Tag Archives: Old Mill Grocery

Unsung Heroes #239

The ink is still drying on the contract. Supply chain issues are delaying some equipment. The operator has not yet been finalized.

But the Old Mill Grocery lives!

For a couple of years, the future of the market/deli/community center on Hillspoint Road by Old Mill Beach was in doubt. The small, century-old wooden building could have been sold to developers, who were hungry to tear it down and replace it with a (very) high-priced home.

But Hal and Betsy Kravitz — owners of Joey’s by the Shore, the most recent iteration of what was previously Elvira’s, Kenny’s and (originally) the Old Mill Grocery — were willing to listen to the community.

Hal and Betsy Kravitz, after buying Elvira’s.

They worked with Jim Hood, Ian Warburg, Chris Tait and Emily Ashken Zobl — Westporters with long ties to the area — to save the deli.

Tom Febbraio — the Fairfield restaurateur who grew up around the corner — helped get a mortgage from Fairfield County Bank.

From left: Ian Warburg, Jim Hood and Emily Ashken Zobl helped organize the project. When this photo was taken, Chris Tait was out in the street soliciting donations.

A few folks pitched in big bucks. Scores of residents (and former residents) added whatever they could.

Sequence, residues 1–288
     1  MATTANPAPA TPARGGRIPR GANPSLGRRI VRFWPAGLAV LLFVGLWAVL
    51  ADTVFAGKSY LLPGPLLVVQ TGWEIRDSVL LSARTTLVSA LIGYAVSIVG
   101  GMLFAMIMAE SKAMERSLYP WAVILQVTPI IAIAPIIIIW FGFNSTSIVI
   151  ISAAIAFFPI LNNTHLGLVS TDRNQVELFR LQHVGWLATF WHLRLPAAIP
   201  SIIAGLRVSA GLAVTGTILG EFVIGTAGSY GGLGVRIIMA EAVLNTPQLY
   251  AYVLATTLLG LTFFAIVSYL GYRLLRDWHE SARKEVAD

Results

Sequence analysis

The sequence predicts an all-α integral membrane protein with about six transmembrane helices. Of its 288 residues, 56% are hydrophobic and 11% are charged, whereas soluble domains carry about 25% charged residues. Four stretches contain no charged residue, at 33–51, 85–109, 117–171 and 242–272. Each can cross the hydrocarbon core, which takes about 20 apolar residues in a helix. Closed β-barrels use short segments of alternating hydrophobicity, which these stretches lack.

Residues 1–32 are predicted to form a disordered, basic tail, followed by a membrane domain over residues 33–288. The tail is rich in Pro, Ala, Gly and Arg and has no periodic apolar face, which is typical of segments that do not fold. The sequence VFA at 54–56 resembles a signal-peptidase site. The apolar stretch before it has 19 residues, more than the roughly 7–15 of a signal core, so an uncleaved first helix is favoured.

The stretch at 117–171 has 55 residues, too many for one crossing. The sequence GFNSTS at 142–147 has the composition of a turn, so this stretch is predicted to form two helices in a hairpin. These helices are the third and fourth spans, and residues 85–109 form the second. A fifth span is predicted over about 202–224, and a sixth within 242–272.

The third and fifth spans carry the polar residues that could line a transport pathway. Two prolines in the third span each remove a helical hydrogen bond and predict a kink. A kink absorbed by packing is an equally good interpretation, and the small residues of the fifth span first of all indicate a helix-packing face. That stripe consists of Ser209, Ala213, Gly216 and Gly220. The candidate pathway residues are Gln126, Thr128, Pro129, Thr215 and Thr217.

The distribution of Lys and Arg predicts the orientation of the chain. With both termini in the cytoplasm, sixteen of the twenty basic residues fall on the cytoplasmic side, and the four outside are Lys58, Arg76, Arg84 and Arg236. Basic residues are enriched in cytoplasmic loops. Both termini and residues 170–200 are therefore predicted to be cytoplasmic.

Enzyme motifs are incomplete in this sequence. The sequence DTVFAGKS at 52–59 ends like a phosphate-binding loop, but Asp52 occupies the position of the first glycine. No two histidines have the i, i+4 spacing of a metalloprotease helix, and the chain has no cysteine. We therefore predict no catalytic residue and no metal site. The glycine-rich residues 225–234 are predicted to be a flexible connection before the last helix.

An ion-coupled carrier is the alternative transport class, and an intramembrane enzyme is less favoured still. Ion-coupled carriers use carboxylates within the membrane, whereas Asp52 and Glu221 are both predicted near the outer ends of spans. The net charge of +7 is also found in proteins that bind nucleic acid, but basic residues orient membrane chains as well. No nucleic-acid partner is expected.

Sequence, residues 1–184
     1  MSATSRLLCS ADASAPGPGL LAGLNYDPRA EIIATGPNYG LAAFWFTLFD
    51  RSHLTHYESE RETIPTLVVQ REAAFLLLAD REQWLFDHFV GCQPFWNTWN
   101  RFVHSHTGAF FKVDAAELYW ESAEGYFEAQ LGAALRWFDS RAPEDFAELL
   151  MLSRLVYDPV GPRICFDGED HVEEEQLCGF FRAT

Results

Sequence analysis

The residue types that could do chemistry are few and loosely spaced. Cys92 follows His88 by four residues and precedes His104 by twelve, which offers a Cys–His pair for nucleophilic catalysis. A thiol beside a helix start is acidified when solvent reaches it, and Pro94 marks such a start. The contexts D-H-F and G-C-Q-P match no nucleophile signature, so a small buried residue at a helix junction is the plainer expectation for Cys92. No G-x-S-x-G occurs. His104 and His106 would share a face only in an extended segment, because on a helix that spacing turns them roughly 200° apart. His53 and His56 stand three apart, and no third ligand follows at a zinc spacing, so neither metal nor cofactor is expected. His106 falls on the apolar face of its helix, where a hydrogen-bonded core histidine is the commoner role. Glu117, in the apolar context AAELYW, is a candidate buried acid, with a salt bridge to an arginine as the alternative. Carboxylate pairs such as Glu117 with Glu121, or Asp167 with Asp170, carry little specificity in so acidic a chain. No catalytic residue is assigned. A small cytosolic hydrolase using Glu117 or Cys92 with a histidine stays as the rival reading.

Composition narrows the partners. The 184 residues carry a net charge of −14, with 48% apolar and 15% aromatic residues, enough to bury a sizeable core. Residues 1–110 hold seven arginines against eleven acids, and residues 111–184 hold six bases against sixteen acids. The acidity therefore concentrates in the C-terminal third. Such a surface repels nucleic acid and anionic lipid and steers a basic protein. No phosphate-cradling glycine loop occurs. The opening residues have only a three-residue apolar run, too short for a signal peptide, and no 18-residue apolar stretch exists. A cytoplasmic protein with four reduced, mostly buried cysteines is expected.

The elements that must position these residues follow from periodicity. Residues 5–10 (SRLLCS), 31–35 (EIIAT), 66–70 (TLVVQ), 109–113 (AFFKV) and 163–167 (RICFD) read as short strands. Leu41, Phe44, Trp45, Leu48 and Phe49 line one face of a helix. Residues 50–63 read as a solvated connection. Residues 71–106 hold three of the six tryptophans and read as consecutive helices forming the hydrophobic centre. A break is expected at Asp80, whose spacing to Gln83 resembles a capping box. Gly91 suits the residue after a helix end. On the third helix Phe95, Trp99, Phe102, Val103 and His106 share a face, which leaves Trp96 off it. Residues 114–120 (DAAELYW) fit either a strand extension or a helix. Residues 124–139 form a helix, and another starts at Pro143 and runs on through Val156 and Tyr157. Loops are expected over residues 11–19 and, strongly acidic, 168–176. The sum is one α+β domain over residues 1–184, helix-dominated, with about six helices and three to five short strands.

When mortgage negotiations took (surprise!) longer than expected, Hal and Betsy extended their deadline.

Now Old Mill Grocery and Deli — OMG! — lives. It will open this summer, probably with a soft launch.

Employees will include people with intellectual and developmental disabilities. Bill and Andrea Pecoriello — owners of Sweet P Bakery and The Porch @ Christie’s, which helped pioneer that hiring model locally — are important supporters.

After nearly a century, the original name will be back.

It’s a win-win-win, feel good story.

So Jim, Ian, Chris, Emily, Tom, Bill and Andrea are all this week’s Unsung Heroes. And if you contributed any funds to the cause — $10,000 or $10 — you join them as honorees.

In a town and world “starved” for good news, this takes the cake.

(Do you know an Unsung Hero? Email 06880blog@gmail.com)

OMG! Old Mill Grocery Saved!

The market/deli at the foot of Compo Hill has served the Old Mill neighborhood — and Westport — for nearly 100 years.

Now it’s poised for its next 100.

A group of concerned — and active — residents has achieved the near-impossible: In just 2 months, they raised the $1.51 million purchase price. With boundless energy, great creativity — and the help of dozens of other concerned citizens — they ensured that one of the town’s last remaining local landmarks would not fall to a developer’s wrecking ball.

Saved! The sign says it all.